This is a further follow-up to information released by this office on June 24, 1975, concerning the potential carcinogenicity of chromate pigments.

On October 2, 1975, the Dry Color Manufacturers' Association (DCMA) informed NIOSH of the progress of an epidemiologic study sponsored by the DCMA and presented some preliminary results from an analysis of mortality data collected to date. These preliminary results are based on an examination of the relative frequency of deaths from cancer and other causes among the first 38 deaths identified by the researchers in a group of 580 workers exposed to lead chromate. Lung cancer was the cause of death for nearly 29 percent of the deceased workers. This figure was contrasted with estimates from other industrial populations in which lung cancer represented 7 to 9 percent of all deaths. Further review of the data revealed that lung cancer deaths accounted for 85 percent of all cancer deaths. These preliminary findings suggest an unusually high lung cancer risk among workers exposed to lead chromate pigments.

You will be kept apprised of future information as it becomes available.

Sincerely yours,
J. William Lloyd, Sc.D., Director
Office of Occupational Health
and Biometrics

Lead Chromate - an Update

On July 7, 1976, the National Institute for Occupational Safety and Health (NIOSH) received the final report of a study of lead chromate workers sponsored by the Dry Color Manufacturers' Association (DCMA). This report included final results of an epidemiologic study (preliminary results were reported by NIOSH in October 1975) along with the findings of an industrial hygiene study.

Prior to this, there have been limited reports (since 1940) of lung cancer among chrome pigment workers in Germany, Norway, and the United States. Studies of laboratory animals have indicated the potential for chrome pigments to produce tumors at the site of implantation or injection.

The study of lead chromate workers recently conducted for DCMA by Equitable Environmental Health, Inc., included three lead chromate plants in operation since the mid-1920's, 1941, and 1949, respectively. Employees of two plants were found to have had only lead chromate exposures, while workers in the third plant (analyzed separately) also had zinc chromate exposure. The industrial hygiene study of the three plants showed that nearly one-half of the samples reached or exceeded OSHA standards for lead and chromium. (The standards in effect at the time of this study were: for lead, 0.2 mg/m3; for chromium, soluble chromic, or chromous salts, .5 mg/m3 as Cr; and for chromic acid or chromates, 0.1 mg/m3 as Cr03).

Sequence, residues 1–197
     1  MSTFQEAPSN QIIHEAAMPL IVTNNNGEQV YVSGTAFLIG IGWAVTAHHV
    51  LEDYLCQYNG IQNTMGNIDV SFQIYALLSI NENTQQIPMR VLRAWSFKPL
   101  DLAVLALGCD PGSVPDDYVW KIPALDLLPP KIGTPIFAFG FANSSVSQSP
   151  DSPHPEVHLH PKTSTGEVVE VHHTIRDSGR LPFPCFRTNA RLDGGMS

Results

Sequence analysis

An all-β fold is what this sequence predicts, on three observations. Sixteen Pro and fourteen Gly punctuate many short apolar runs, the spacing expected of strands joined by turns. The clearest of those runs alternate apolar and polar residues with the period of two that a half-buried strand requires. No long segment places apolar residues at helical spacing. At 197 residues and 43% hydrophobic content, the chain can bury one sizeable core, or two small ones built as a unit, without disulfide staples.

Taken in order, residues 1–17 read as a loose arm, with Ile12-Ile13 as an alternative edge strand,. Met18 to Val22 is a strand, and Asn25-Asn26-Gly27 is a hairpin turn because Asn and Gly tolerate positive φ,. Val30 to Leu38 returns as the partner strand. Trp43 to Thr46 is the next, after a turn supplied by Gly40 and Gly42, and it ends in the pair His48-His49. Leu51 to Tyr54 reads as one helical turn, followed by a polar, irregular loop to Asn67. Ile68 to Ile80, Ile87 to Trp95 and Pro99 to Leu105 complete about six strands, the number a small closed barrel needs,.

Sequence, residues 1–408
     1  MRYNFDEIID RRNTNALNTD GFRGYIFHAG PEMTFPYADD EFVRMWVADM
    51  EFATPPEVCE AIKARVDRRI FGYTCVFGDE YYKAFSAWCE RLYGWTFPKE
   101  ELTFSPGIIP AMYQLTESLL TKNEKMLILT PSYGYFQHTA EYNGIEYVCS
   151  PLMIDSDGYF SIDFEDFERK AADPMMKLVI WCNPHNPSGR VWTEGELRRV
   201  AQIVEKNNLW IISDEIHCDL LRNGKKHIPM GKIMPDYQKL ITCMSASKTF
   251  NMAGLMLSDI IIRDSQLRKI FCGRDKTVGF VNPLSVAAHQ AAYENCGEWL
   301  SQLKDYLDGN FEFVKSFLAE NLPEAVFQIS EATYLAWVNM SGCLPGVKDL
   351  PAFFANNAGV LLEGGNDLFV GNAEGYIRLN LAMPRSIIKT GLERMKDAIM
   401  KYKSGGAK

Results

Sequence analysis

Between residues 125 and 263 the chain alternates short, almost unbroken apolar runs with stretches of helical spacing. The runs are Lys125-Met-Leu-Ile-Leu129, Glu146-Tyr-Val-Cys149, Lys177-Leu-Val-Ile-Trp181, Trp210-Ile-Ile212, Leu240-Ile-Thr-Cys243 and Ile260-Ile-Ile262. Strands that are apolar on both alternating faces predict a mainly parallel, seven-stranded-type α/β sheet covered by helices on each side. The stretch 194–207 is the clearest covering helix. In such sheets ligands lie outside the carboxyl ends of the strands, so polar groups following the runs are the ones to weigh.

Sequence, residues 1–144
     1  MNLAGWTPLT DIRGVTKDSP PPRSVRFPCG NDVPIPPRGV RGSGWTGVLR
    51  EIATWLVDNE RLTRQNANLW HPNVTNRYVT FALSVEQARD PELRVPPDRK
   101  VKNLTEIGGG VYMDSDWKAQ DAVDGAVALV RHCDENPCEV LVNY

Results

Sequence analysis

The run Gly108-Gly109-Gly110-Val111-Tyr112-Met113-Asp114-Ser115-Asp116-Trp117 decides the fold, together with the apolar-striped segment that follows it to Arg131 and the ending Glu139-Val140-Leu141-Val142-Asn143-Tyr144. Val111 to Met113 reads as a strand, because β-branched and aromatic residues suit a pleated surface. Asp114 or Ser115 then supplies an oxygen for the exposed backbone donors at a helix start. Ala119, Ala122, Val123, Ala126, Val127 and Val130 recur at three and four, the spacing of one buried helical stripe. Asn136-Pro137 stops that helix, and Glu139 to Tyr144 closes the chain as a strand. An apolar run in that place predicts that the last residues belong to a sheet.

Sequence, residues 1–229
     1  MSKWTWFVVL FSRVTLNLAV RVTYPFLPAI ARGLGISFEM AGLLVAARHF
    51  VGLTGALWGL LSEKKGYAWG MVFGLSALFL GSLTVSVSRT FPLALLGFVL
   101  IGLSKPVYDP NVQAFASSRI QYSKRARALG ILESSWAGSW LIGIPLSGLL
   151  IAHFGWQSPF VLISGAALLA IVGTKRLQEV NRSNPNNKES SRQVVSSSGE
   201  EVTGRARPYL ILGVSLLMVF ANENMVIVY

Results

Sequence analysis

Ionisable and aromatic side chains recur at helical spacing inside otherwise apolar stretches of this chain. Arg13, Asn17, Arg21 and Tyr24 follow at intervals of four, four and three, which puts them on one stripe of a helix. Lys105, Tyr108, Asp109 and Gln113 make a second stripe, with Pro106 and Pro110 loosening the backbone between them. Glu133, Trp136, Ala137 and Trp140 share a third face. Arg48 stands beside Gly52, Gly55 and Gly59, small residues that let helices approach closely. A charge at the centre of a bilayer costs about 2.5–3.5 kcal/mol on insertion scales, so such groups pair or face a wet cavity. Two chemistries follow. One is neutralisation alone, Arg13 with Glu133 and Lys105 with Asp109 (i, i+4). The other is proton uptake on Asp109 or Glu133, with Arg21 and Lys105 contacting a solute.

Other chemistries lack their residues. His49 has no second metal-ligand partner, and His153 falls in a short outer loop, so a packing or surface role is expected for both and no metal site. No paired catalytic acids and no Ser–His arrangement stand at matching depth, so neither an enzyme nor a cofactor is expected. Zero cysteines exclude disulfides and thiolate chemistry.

The levels of lead and chromium found in this study were assumed to be lower than levels in the past because of some process changes and modifications of engineering controls and work practices; however, this difference could not be quantitated because of changes in analytical methods.

The three-plant cohort analysis included a total of 548 men among whom 53 deaths had occurred prior to December 31, 1974. Standardized mortality ratios (SMRs) were determined by comparing the observed deaths due to major causes with the number of expected deaths based on the 1960 male population of the state in which each plant was located. For all employees in two plants (with only lead chromate exposure), a 3-fold excess of respiratory cancer was observed (SMR 313.7 compared with an expected 100. Workers employed prior to 1960 (allowing for a 15-year "latency" period) were analyzed separately. For all persons in this group, regardless of length of employment, the SMR for respiratory cancer was 173.5; for persons who were hired prior to 1960 and who had worked there for at least 10 years, this SMR was 236.4.

Employees of the third plant (with both lead and zinc chromate exposure) were all hired before 1960 and had an SMR of 237.1 for respiratory cancer. In addition, 5 deaths due to stomach cancer were observed; this was 7 times the expected number.

Although the small number of observed deaths did not justify statistical tests, the Equitable Environmental Health researchers agree that this apparent excess of respiratory cancer in lead chromate workers is "consistent with the hypothesis that lead chromate is a respiratory carcinogen."

These findings are in accord with the NIOSH Criteria for a Recommended Standard on Hexavalent Chromium (December 1975) which states that lead chromate should be regarded as a human carcinogen.

John F. Finklea, M.D.